v. City of Goldsboro, 178 F.3d 231, 243 (4th Cir. 1999).
A Rule 12(b)(6) motion constitutes an assertion by a
defendant that, even if the facts alleged by a plaintiff are
true, the complaint fails as a matter of law “to state
a claim upon which relief can be granted.” See In
re Birmingham, 846 F.3d at 92.
a complaint states a claim for relief is assessed by
reference to the pleading requirements of Federal Rule of
Civil Procedure 8(a)(2). That rule provides that a
complaint must contain a “short and plain statement of
the claim showing that the pleader is entitled to
relief.” Fed.R.Civ.P. 8(a)(2). The purpose of the rule
is to provide the defendants with “fair notice”
of the claims and the “grounds” for entitlement
to relief. Bell Atlantic Corp. v. Twombly, 550 U.S.
544, 555-56 (2007).
survive a motion under Federal Rule of Civil Procedure
12(b)(6), a complaint must contain facts sufficient to
“state a claim to relief that is plausible on its
face.” Twombly, 550 U.S. at 570, 127 S.Ct. at
1974; see Ashcroft v. Iqbal, 556 U.S. 662, 684
(2009) (“Our decision in Twombly expounded the
pleading standard for ‘all civil actions'
....”) (citation omitted); see also Willner v.
Dimon, 849 F.3d 93, 112 (4th Cir. 2017). But, a
plaintiff need not include “detailed factual
allegations” in order to satisfy Rule 8(a)(2).
Twombly, 550 U.S. at 555. Moreover, federal pleading
rules “do not countenance dismissal of a complaint for
imperfect statement of the legal theory supporting the claim
asserted.” Johnson v. City of Shelby, Miss.,
___ U.S. __, 135 S.Ct. 346 (2014) (per curiam).
the rule demands more than bald accusations or mere
speculation. Twombly, 550 U.S. at 555; see
Painter's Mill Grille, LLC v. Brown, 716 F.3d 342,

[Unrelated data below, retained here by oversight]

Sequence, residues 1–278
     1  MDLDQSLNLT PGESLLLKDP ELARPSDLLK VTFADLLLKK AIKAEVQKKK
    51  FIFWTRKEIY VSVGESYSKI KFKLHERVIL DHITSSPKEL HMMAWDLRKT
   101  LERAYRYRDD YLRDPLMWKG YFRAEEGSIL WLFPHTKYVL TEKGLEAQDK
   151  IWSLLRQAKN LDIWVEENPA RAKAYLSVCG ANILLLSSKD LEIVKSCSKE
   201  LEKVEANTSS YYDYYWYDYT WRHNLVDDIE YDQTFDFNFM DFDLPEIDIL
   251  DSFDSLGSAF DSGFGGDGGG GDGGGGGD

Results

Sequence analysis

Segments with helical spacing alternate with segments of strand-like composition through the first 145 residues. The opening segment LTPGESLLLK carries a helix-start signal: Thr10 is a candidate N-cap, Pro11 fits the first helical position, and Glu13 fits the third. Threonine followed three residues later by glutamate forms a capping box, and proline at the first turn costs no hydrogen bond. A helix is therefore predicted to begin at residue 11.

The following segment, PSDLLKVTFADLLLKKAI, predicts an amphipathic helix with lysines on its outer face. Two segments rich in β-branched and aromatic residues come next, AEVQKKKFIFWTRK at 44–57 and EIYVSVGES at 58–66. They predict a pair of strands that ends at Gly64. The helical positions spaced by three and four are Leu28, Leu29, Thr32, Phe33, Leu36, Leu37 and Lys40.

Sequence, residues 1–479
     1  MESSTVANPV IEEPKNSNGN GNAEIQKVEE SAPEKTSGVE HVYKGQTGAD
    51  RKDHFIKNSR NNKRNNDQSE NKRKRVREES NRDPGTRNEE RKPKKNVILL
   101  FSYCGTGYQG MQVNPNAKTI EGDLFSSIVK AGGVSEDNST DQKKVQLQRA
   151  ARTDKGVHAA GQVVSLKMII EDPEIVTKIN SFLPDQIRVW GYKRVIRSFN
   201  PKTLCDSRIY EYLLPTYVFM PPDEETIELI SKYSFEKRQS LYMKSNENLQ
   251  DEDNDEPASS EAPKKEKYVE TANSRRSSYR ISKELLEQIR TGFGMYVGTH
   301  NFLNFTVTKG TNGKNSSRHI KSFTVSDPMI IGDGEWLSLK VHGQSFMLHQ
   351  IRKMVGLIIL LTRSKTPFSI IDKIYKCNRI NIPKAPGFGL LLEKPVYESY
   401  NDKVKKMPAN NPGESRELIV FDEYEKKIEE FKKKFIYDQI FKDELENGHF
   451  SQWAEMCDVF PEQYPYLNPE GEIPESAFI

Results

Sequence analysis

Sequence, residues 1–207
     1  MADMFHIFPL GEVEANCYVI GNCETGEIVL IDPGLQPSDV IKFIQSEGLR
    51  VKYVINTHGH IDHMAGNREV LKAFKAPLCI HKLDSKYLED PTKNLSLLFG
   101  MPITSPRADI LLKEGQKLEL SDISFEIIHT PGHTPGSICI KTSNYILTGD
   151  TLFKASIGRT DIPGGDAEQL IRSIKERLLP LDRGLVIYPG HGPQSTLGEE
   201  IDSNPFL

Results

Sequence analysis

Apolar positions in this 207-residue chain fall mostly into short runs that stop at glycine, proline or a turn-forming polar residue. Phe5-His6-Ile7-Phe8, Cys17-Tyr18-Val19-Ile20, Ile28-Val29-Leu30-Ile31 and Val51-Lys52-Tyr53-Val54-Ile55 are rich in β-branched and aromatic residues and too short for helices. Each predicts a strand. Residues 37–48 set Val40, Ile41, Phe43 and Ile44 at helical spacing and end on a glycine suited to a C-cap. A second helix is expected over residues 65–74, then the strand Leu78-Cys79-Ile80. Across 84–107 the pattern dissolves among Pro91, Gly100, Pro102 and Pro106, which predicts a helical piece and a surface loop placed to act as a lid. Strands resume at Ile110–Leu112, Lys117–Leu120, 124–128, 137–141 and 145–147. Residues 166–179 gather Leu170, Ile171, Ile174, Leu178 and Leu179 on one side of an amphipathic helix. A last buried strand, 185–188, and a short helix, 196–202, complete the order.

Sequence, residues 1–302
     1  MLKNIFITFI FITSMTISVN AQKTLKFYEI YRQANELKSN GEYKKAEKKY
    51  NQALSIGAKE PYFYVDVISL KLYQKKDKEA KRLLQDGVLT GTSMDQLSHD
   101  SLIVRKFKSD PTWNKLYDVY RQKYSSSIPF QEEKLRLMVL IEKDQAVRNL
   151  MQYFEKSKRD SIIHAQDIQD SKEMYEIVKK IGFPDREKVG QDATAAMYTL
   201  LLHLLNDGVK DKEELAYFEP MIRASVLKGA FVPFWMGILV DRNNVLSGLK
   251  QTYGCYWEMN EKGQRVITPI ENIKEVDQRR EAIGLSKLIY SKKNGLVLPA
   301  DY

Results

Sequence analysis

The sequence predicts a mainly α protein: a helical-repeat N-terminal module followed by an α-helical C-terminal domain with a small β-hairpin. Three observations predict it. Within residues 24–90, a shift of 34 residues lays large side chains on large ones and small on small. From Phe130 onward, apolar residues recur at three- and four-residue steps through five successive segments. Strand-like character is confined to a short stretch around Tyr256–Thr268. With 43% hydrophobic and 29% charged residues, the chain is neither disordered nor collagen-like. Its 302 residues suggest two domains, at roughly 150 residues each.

350 (4th Cir. 2013). If a complaint provides no more than
“labels and conclusions” or “a formulaic
recitation of the elements of a cause of action, ” it
is insufficient. Twombly, 550 U.S. at 555. Rather,
to satisfy the minimal requirements of Rule 8(a)(2),
the complaint must set forth “enough factual matter
(taken as true) to suggest” a cognizable cause of
action, “even if ... [the] actual proof of those facts
is improbable and ... recovery is very remote and
unlikely.” Twombly, 550 U.S. at 556 (internal
quotation marks omitted).
reviewing a Rule 12(b)(6) motion, a court
“must accept as true all of the factual allegations
contained in the complaint” and must “draw all
reasonable inferences [from those facts] in favor of the
plaintiff.” E.I. du Pont de Nemours & Co. v.
Kolon Indus., Inc., 637 F.3d 435, 440 (4th Cir. 2011)
(citations omitted); see Semenova v. Maryland Transit
Admin., 845 F.3d 564, 567 (4th Cir. 2017); Houck v.
Substitute Tr. Servs., Inc., 791 F.3d 473, 484 (4th Cir.
2015); Kendall v. Balcerzak, 650 F.3d 515, 522 (4th
Cir. 2011), cert. denied, 565 U.S. 943 (2011). But,
a court is not required to accept legal conclusions drawn
from the facts. See Papasan v. Allain, 478
U.S. 265, 286 (1986). “A court decides whether [the
pleading] standard is met by separating the legal conclusions
from the factual allegations, assuming the truth of only the
factual allegations, and then determining whether those
allegations allow the court to reasonably infer” that
the plaintiff is entitled to the legal remedy sought. A
Society Without a Name v. Virginia, 655 F.3d 342, 346
(4th. Cir. 2011), cert. denied, 566 U.S. 937 (2012).
also mindful that Plaintiffs are self-represented litigants.
Thus, their pleadings are “liberally construed”
and “held to less stringent standards than [those
filed] by lawyers.” Erickson v. Pardus, 551
U.S. 89, 94 (2007) (citation omitted). “However,
liberal construction does not absolve Plaintiff from pleading
a plausible claim.” Bey v. Shapiro Brown & Alt,
LLP, 997 F.Supp.2d 310, 314 (D. Md. 2014),
aff'd, 584 Fed.Appx. 135 (4th Cir. 2014);
see also Coulibaly v. J.P. Morgan Chase Bank, N.A.,
Civil Action No. DKC-10-3517, 2011 WL 3476994, at *6 (D. Md.
Aug. 8, 2011) (“[E]ven when pro se litigants are
involved, the court cannot ignore a clear failure to allege
facts that support a viable claim.”);
aff'd 526 Fed.Appx. 255 (4th Cir. 2013).
a federal court may not act as an advocate for a
self-represented litigant. See Brock v. Carroll, 107
F.3d 241, 242-43 (4th Cir. 1996); Weller v. Dep't of
Social Servs., 901 F.2d 387, 391 (4th Cir. 1990).
Therefore, the court cannot “conjure up questions never
squarely presented, ” or fashion claims for a plaintiff
because he or she is self-represented. Beaudett v. City
of Hampton, 775 F.2d 1274, 1278 (4th Cir. 1985),
cert. denied, 475 U.S. 1088 (1986); see also MD
v. Sch. Bd. of City of Richmond, 560 Fed.Appx. 199, 203
n.4 (4th Cir. 2014) (rejecting ...